Monday, July 20, 2015

T-cell therapy slows plasma cancer

The micrograph shows abundant
cancerous plasma cells. – by Nephron
via Wikimedia
CANCER DIGEST – July 20, 2015 – Results from a clinical trial testing a new therapy for multiple myeloma  demonstrated a clinical response in 80 percent of patients with advanced disease who had undergone a stem cell transplants. A clinical response indicates a therapeutic effect for the treatment that uses a person's own immune system to recognize and destroy cancer cells.

Multiple myeloma is cancer of plasma cells that multiply out of control and crowd out normal blood cell production in the bone marrow. The results of the study were published this week in the journal Nature Medicine by researchers at Penn's Abramson Cancer Center co-led by Carl H. June, MD, and Edward Stadtmauer, MD.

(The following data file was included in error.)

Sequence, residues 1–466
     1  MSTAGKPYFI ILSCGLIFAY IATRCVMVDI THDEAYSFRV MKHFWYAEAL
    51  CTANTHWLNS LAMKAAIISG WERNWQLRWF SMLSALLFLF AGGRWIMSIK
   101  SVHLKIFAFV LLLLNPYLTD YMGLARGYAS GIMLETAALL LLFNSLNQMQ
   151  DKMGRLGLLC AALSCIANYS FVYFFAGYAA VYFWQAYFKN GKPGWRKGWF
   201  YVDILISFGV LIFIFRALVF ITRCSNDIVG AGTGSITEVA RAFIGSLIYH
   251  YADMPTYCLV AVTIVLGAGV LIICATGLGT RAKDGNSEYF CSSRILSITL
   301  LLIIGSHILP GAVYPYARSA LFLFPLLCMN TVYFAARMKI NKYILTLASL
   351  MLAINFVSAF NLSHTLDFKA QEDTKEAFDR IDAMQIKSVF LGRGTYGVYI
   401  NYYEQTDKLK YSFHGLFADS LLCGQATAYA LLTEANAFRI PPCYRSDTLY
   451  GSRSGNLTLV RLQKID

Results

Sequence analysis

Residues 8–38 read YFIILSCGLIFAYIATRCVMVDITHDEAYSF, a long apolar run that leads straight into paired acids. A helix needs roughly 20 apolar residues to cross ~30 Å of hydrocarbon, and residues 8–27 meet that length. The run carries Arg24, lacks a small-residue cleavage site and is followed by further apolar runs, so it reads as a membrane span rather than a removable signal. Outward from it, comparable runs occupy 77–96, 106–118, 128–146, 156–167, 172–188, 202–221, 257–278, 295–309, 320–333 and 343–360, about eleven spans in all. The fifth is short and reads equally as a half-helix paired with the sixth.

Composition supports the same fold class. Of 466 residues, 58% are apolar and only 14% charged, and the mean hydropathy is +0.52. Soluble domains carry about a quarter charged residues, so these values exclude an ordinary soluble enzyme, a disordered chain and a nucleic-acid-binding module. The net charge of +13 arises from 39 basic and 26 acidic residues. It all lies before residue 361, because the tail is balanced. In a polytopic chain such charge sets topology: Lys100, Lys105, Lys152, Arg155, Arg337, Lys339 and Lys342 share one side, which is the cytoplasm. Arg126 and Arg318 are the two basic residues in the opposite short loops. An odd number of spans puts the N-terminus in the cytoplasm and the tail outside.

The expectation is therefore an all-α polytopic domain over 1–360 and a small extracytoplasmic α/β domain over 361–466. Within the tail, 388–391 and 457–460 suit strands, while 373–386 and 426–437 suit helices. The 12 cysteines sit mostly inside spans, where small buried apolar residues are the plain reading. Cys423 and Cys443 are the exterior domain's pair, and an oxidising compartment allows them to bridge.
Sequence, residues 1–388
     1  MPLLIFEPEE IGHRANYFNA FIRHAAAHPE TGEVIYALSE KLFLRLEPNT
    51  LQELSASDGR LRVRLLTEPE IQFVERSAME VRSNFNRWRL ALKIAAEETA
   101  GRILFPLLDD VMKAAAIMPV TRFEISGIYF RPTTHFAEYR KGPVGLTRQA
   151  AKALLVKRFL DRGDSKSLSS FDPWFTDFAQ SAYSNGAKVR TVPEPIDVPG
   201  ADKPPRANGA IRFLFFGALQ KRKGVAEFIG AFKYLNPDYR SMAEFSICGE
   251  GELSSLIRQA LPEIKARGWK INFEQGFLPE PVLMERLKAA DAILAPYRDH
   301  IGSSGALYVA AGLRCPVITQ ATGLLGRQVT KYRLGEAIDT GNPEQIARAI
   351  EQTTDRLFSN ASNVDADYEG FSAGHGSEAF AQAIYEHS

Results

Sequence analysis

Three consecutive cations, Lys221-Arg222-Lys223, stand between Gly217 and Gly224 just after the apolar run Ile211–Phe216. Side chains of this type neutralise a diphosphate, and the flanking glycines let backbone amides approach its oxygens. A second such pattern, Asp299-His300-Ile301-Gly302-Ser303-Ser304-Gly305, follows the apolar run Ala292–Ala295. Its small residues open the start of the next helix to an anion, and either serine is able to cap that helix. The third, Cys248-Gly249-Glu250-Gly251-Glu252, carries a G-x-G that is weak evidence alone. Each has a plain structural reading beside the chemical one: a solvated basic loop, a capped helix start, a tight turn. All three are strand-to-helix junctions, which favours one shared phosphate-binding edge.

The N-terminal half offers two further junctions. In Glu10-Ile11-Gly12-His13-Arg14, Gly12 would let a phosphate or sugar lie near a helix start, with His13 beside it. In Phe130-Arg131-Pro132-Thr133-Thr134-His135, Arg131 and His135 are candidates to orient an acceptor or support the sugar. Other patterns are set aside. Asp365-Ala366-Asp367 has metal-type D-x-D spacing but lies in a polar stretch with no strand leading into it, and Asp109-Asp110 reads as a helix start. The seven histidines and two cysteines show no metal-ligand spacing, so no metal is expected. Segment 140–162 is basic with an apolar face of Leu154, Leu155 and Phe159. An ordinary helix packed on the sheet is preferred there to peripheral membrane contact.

In the early stage clinical trial of 20 patients, the engineered cells were found safe, migrated to the bone marrow tumor, and persisted for two years after infusion in 90 percent of the patients.

Nearly 70 percent had a near complete or complete response within three months post treatment, meaning the cancer stopped growing or was reduced, which compares to the expected response of less than 40 percent in patients without high-risk disease following an stem cell transplant.

At the point in the trial when half of the patients had been followed  a little over 21 months, 15 of the 20 patients were surviving and 10 remained progression free, meaning the cancer had stopped growing. As of April 2015, with half of the patients had reached 30 months of follow-up, the median overall survival had increased to 32.1 months.

“This is an important step in immunotherapy research for multiple myeloma, a tough-to-beat cancer that is largely incurable," said Stadtmauer, “with a five-year survival rate of approximately 50 percent – highlighting the need for new approaches to improve therapeutic options after an ASCT (stem cell transplant.”

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